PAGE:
The U.S. futures indices are showing an increase in pre-market trading on Friday, with the Dow Jones aiming to consolidate this week’s gains. This positive trend suggests the possibility of a seventh consecutive week of gains, marking the index’s momentum in reaching new all-time highs.

At 06:23 AM, the Dow Jones futures (DOWI:DJI) rose 95 points, or 0.25%. S&P 500 futures were up 0.25% and Nasdaq-100 futures were up 0.33%. The yield on 10-year Treasury bonds was at 3.922%.

In the commodities market, West Texas Intermediate crude oil for January rose 0.38% to $71.87 per barrel. Brent crude oil for February rose 0.33%, close to $76.86 per barrel. Iron ore with a 62% concentration, traded on the Dalian exchange, fell 1.37% to $132.58 per ton.

On the economic agenda, investors await, at 08:30 AM, data from the December Empire manufacturing. At 09:15 AM, the November industrial production numbers. At 09:45 AM, the preliminary December PMI. At 1:00 PM, the Baker Hughes numbers of operating oil wells.

European markets are showing a positive performance and are poised to conclude the week with significant gains, driven by a series of crucial policy decisions made by major central banks. European stock exchanges are following the upward trend seen in the US markets, which continue to experience a robust rally this week.

Asian markets, led by the Hong Kong Hang Seng Index, mostly closed higher, reflecting optimism after the Fed maintained interest rates and signaled possible cuts in 2024. Meanwhile, China reported impressive growth in industrial production in November, the highest since February 2022. However, the Shanghai SE bucked the trend, registering a 0.56% decline, in a context where retail sales fell short of expectations. Other indices such as Nikkei, Kospi, and ASX 200, however, posted significant gains.

On Thursday, stocks continued to rise in response to the Fed keeping interest rates unchanged and planning to reduce them three times in 2024. The Dow Jones reached a new record closing high. Powell’s dovish stance is still to be tested with data in the coming months, so the market still wants to understand if a rate cut in the first or second quarter of 2024 is possible. Additionally, there was an unexpected increase in US retail sales in November, and initial unemployment claims decreased. Sectors such as real estate and banking stood out, while the price of oil also rose.

On the corporate earnings front on Friday, investors will be watching for reports from Darden Restaurants (NYSE:DRI).

Corporate Highlights from Wall Street for Today

Alphabet (NASDAQ:GOOGL) – Google will start tests in Chrome to restrict third-party cookies with the Tracking Protection feature on January 4. The total elimination is planned for the second half of 2024, subject to the resolution of antitrust concerns. Additionally, Google is modifying the Location History feature in Google Maps to protect user privacy, preventing the company’s access to individual location histories and making it harder for authorities to obtain bulk data. The change follows concerns about the use of location warrants by US police.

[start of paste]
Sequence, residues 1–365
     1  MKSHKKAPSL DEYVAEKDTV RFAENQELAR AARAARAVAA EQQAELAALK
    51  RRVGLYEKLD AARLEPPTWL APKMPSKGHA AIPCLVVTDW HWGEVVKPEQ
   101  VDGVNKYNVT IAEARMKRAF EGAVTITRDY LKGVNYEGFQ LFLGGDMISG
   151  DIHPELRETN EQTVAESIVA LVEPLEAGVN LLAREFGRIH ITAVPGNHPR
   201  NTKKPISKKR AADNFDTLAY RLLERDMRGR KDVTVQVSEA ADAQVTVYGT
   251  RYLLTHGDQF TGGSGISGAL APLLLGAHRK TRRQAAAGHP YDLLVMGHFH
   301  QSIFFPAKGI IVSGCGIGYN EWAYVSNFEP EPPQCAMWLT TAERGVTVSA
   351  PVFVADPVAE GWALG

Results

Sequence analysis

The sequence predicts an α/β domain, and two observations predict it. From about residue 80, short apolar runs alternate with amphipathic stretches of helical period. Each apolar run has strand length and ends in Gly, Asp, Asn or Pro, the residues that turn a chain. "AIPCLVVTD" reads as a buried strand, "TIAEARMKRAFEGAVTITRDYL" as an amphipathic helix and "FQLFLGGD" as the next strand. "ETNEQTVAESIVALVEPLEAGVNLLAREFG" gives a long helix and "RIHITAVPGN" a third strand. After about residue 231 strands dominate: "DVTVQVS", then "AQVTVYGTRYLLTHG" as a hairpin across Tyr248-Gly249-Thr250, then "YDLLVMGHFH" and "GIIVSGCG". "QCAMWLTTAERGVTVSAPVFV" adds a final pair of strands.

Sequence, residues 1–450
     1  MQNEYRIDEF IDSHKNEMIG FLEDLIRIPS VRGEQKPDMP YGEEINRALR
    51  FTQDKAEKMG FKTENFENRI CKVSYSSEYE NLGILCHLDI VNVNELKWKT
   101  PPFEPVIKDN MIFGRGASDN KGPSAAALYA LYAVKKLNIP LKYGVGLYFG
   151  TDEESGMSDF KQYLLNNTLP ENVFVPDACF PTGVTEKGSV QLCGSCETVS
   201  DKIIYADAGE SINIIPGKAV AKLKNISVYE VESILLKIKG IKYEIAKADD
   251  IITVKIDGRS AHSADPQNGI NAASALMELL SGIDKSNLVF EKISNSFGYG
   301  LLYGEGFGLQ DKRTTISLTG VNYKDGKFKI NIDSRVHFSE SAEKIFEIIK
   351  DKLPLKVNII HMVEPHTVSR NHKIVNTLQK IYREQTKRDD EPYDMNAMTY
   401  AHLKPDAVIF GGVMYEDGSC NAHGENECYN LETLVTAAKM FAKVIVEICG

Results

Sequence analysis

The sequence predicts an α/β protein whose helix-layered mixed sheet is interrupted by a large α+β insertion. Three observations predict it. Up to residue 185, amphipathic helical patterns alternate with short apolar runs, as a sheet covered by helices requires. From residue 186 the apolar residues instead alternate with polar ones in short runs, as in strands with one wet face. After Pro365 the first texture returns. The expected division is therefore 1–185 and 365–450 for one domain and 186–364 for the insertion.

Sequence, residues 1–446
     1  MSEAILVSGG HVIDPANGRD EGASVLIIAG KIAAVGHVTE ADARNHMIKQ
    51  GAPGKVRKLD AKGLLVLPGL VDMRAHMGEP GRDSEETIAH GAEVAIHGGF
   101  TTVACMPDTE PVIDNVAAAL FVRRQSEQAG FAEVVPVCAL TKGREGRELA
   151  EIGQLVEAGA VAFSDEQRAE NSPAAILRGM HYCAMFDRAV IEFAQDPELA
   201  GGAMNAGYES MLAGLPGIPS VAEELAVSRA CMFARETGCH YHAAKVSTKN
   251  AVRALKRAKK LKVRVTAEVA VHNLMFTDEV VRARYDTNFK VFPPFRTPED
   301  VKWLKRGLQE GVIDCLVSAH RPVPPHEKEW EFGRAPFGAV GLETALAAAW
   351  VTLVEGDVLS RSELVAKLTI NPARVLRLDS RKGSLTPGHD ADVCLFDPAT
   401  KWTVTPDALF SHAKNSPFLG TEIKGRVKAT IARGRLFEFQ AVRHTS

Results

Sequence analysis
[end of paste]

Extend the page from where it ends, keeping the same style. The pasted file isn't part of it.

Microsoft (NASDAQ:MSFT) – Advances in AI chips increase the demand for efficient cooling in data centers. Microsoft plans to use liquid cooling in its Maia 100 chips, aiming for efficiency and cost reduction. This change is crucial for advanced AI data centers.

Meta Platforms (NASDAQ:META) – Meta and TikTok restricted a record number of posts and accounts in Malaysia in the first half of 2023. This occurred amid an increase in requests from the Malaysian government for content removal, generating criticism about freedom of expression under Prime Minister Anwar Ibrahim’s administration. Meta restricted 3,100 items and TikTok 890 posts and accounts, both complying with government requests.

Intel (NASDAQ:INTC) – Intel announced its new line of chips, including the Gaudi3 for AI, scheduled for 2024, challenging Nvidia (NASDAQ:NVDA) and AMD (NASDAQ:AMD) in the AI market. At the Intel AI Everywhere event, new chips for PCs and data centers were revealed. CEO Pat Gelsinger highlighted Intel’s AI strategy, maintaining its internal production.

United Parcel Service (NYSE:UPS) – Italian financial police seized about $94.5 million from UPS Italia, part of United Parcel Service, on suspicions of tax fraud and illegal labor practices. The action is part of a broader investigation in the logistics sector in Italy. Prosecutors and police allege the use of fake invoices and fictitious employment contracts by UPS, which officially has 1,000 employees in Italy.

Amazon (NASDAQ:AMZN) – The Court of Justice of the European Union ruled that Amazon does not have to repay $273 million in taxes to Luxembourg, marking a defeat for the EU’s antitrust chief, Margrethe Vestager, in her effort against tax deals for multinationals. Amazon welcomed the decision, while critics like Oxfam call for tax reforms in the EU.

Walt Disney (NYSE:DIS) – Walt Disney faces a proxy dispute after activist investor Nelson Peltz self-nominated for the board, his second attempt to influence the company’s strategy. Disney, trying to revitalize its franchises and make its streaming business profitable, faces criticism from Peltz’s Trian Fund Management, which owns shares in the company and proposes changes. Peltz and former Disney executive James “Jay” Rasulo are the candidates proposed by Trian.

AT&T (NYSE:T), Rivian (NASDAQ:RIVN) – AT&T will acquire electric vehicles from Rivian in a pilot program aiming to reduce costs and carbon emissions, as well as increase safety. This is Rivian’s first deal after the end of its exclusivity with Amazon (NASDAQ:AMZN). AT&T plans to include Rivian’s vans, pickups, and SUVs in its fleet starting in 2024, although financial details and quantities were not disclosed.

Tesla (NASDAQ:TSLA) – Nordic investors asked Tesla to reconsider its approach to collective bargaining in conflict with unions in Sweden. Tesla faces strikes and backlash from pension funds in the region for refusing Swedish mechanics’ union demands regarding wages and working conditions. Tesla, known for avoiding collective agreements, faces solidarity strikes and stock sales by some pension funds. Additionally, the RDW, the Dutch automotive authority, stated that it does not plan a recall of Tesla in Europe following a recall in the US due to concerns with autopilot. The RDW issues approvals for Tesla cars in Europe, citing differences in autopilot functions and maintaining contact with Tesla.